s trengthenIng c onsUlar anD M anageMent c apabIlItIes

문서에서 United States Department of State (페이지 29-33)

Assist American citizens to travel, conduct business, and live abroad securely, and ensure a high quality workforce supported by modern, secure infrastructure and operational capabilities.

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pproximately 6.3 million U.S. citizens reside abroad, and U.S. citizens make about 65 million trips overseas every year. The Department provides citizen support throughout the cycle of life, from certifying the birth of U.S. citizens born abroad, to assisting families when a U.S. citizen dies overseas. The Department also assists U.S. citizens whose children have been wrongly taken to or retained in foreign countries. The Department continues, in collaboration with the Department of Homeland Security and other agencies, to protect America’s homeland with improved technology and efficiency at ports of entry and in visa processing, smarter screening technology for Government officials, and more secure U.S. travel documents (both visas and passports). In support of this strategic goal, the Department is pursuing a multi-year hiring program to build the talented, diverse workforce needed to handle our foreign policy priorities and strengthen diplomacy.

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ESOURCES The Department and USAID allocated $12.118 billion toward this Strategic Goal in FY 2012, which is 23 percent of the total State-USAID budget for all strategic goals. The performance of the two illustrative indicators is provided in the following section.

Key Selected Achievements

The Integrated Logistics Management System (ILMS), the Department’s global platform for integrating post logistics operations with Washington headquarters and Regional Centers, became fully deployed domestically and overseas at 260+ posts. Critical to ensuring diplomatic personnel around the world can provide the goods and services that are essential to support the Department’s mission, ILMS was recognized by the American Council for Technology-Industry Advisory Council (ACT-IAC) through two prestigious awards. ILMS was selected from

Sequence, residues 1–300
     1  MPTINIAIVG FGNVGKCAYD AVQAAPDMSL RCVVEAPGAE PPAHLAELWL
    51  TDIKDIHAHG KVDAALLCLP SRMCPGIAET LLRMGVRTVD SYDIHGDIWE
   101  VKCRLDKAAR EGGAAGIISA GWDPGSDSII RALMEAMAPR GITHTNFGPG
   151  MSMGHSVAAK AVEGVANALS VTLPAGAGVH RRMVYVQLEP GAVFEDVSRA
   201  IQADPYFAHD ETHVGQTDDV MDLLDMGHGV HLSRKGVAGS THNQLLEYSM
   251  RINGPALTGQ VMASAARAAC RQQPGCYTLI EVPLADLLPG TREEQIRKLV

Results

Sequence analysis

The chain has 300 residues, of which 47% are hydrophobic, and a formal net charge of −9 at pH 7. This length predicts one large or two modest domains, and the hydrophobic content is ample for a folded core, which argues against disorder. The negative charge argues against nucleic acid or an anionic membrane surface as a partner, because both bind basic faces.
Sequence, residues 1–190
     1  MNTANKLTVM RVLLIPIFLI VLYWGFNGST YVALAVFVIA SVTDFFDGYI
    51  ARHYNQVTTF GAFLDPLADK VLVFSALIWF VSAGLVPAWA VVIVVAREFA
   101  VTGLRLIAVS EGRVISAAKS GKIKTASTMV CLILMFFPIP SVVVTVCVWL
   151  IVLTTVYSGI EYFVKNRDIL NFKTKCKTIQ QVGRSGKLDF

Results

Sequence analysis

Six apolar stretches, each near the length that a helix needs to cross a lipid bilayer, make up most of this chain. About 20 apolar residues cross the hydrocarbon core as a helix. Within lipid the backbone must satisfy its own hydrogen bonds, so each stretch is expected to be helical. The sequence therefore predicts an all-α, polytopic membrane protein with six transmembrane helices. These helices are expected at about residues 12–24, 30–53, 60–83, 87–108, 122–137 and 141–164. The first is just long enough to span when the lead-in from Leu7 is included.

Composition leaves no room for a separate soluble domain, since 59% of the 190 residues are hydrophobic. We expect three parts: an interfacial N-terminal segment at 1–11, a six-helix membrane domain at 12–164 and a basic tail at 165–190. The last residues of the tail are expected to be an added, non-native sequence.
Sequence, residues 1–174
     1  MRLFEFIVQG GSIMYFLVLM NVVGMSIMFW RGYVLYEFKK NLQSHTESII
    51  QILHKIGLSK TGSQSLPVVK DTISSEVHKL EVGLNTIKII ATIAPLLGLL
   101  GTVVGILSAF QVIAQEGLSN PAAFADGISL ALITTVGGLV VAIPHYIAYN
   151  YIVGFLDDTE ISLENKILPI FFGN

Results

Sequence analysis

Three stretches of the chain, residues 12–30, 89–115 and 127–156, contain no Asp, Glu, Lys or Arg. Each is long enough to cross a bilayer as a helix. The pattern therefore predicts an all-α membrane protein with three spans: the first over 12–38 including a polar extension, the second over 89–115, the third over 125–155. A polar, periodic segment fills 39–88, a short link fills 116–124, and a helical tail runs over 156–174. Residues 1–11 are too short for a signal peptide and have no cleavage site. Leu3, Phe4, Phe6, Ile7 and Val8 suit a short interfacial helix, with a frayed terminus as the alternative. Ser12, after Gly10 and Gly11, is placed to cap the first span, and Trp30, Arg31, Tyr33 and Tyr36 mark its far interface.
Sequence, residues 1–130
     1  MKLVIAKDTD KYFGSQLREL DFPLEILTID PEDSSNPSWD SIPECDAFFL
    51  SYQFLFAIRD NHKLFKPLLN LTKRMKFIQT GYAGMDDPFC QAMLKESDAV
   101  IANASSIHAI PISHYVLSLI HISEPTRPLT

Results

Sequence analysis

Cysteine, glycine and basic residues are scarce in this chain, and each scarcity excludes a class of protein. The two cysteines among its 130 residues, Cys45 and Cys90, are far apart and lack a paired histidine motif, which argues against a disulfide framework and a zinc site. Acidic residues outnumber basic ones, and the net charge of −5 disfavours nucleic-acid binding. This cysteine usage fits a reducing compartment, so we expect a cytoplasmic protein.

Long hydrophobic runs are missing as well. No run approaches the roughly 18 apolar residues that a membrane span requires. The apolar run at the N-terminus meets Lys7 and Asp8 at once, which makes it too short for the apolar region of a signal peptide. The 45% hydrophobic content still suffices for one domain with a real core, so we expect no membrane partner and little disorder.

thirty finalists and six categories across all of Government by ACT-IAC’s Overall Winner for Excellence.gov Top Government Programs and the winner for Excellence in Enterprise Efficiencies.

The Denver Resident Office and Miami Field Office received Leadership in Energy and Environmental Design (LEED) Silver certification.

From left to right, Embassy Cairo Public Diplomacy Officer Adam Lenert, Embassy Riga Chief Consul Tim Buckley, Embassy Dhaka Chief Consul Bill Hammaker, and Embassy Cairo Consular Affairs Officer Jessica Adams, pose for a photo with an American couple at the Cairo International Airport in Egypt, February 7, 2011. Department of State

FY 2012 Resources Invested: $12.118 Billion

State Operations: $10.517 Billion Foreign Operations: $1.601 Billion

State Operations

Foreign Operations Strategic goalS and reSultS

The Department won the 2012 Archivist’s Achievement Award for innovative and cost-effective use of technology for a records management tool that is being promoted as a best practice in the U.S. Government.

Global OpenNet: IRM successfully deployed its modernized remote access solution, Global OpenNet (GO). GO provides more user-desktop functionality to remote end users, making staff more productive when teleworking.

The Department continues to strengthen its global